The diminishing utility of the public markets has been offset in part by merger and acquisition (M&A) activity, particularly by large pharmaceutical companies facing declining revenues as blockbuster drugs go off patent. Although the number of M&A events has been fairly consistent over the last five years, ranging from 40–50 deals, the dollar amounts have increased, particularly in the case of earlier-stage transactions.
Not surprisingly then, investors are especially interested in companies working in areas that make them attractive acquisition targets. Entrepreneurs need to understand the M&A area for their products.
The blockbuster markets that have not been fully tapped, such as Alzheimer’s disease and metabolic disorders like diabetes and obesity, remain priorities for larger pharmaceutical companies in both M&A agreements as well as licensing deals. Emerging companies working in these areas are of particular interest to investors even if the products are at the preclinical stage.
Investors have been less likely to target early-stage firms working in diseases such as oncology where efficacy data in humans is now the threshold for investment given higher product failure rates and a lack of predictive preclinical models.
Every investor looks for great science, a competitive advantage, and a strong management team with relevant experience. With the growing emphasis on acquisitions as the likely exit, several key issues are a priority.
• Has the company identified the first indication for a lead product candidate? If the initial indication taps a niche market that is suitable for a small company, is there a larger potential market opportunity that will interest bigger companies?
• How will the product be reimbursed?
• Is the IP portfolio adequate for larger companies? A bigger pharmaceutical firm wants to see composition patents in key markets around the world.
• Are the clinical endpoints validated? If the company is carving new ground, might investors conclude that this will complicate the regulatory path?
With these elements in place, the opportunities to attract investment can improve dramatically for seed-stage companies. But the effort to identify both available and optimal funding options should also reflect some strategic thinking about potential investors. It is important to review websites including those of portfolio companies to get insights about a fund’s strategy. A few principles are worth noting.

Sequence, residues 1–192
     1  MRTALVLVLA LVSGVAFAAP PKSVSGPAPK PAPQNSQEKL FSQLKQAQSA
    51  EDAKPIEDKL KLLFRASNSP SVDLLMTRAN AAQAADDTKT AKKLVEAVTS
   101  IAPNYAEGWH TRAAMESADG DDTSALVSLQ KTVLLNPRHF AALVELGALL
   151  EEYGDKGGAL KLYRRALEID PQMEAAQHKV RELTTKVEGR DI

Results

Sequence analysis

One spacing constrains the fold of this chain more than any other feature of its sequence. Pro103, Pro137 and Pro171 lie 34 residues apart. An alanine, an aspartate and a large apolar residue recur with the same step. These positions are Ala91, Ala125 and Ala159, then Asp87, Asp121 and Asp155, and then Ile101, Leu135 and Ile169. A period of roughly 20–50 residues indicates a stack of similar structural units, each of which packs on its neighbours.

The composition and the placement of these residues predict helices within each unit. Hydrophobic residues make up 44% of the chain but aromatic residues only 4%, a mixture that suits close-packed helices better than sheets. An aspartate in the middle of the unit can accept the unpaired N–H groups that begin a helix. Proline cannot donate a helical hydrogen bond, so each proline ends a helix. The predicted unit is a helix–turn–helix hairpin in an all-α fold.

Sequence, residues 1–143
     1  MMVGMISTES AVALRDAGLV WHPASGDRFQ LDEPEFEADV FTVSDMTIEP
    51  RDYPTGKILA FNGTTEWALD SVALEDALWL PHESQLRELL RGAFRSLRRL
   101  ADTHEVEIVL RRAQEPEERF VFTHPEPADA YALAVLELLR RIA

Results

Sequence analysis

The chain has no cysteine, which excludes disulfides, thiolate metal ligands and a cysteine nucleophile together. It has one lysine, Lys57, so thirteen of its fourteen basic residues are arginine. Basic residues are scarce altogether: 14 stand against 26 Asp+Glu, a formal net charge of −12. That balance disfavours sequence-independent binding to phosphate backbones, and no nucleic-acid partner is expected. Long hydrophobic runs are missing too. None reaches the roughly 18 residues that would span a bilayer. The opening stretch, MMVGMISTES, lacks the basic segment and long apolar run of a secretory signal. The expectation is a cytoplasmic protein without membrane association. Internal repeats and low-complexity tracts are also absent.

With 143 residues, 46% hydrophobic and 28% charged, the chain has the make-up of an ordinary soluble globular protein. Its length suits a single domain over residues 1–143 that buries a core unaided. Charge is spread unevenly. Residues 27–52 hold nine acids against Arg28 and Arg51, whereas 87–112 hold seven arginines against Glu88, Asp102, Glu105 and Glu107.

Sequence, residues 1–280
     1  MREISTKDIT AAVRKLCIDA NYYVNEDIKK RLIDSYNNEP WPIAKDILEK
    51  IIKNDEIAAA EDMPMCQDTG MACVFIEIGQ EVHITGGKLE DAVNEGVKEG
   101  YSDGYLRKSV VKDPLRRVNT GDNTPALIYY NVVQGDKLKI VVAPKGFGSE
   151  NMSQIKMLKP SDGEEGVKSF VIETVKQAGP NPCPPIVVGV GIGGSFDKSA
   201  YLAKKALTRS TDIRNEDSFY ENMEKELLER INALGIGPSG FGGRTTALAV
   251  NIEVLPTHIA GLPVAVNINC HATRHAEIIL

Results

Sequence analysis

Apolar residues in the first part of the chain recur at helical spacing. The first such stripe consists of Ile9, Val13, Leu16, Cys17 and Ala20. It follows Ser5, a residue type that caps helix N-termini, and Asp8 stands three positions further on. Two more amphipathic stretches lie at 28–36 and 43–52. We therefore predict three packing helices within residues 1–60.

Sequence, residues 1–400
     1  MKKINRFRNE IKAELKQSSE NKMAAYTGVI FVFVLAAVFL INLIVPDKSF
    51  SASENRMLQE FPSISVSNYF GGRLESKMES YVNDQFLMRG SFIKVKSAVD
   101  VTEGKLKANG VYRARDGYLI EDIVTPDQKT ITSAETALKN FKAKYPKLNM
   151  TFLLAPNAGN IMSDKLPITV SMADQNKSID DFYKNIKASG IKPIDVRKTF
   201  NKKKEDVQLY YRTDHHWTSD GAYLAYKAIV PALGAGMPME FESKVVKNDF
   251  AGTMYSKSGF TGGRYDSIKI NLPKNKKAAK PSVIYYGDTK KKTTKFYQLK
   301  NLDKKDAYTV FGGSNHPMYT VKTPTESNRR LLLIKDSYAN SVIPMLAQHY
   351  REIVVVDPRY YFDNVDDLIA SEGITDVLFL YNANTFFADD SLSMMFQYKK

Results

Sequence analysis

• Investors need to invest their time efficiently. If you don’t have venture funds in your region, target investors who have already made investments in other companies in the sector and in your area. These investors will be better able to accommodate another local investment.
• Venture funds have distinct personalities. Before you knock on any doors, learn about the fund’s investment professionals, including their backgrounds, interests, and existing portfolio, to get a sense of what the team is looking for.
• Understand how much money each fund needs to put to work in a company. Larger funds cannot afford to put only a few million dollars to work. If that’s all you need, look for smaller funds or reposition your development plan to justify an initial investment of $10 million or more.
• Make sure you know a company’s funding cycle. A fund that is about to close is not a good fit for a start-up investment. It’s better to target funds that have had a recent closing.
• Identify the strongest possible industry connections for introductions. A mutual contact that can facilitate an introduction can significantly help to reduce the time to investment.
• Recognize that financing action at this early stage can shape a company’s image for years. The quality of the investor will have a lasting impact on a company’s ability to raise money in the future. Targeting quality investors should be a priority, eclipsing even issues such as valuation.
With more investment dollars trending toward early-stage life science companies and a growing number of specialized funds focused on the sector, it is clear that the climate for entrepreneurs to initiate businesses is better than it has been in the last five years. Understanding how your company fits into the larger financing market is the key to finding the right investor for your business.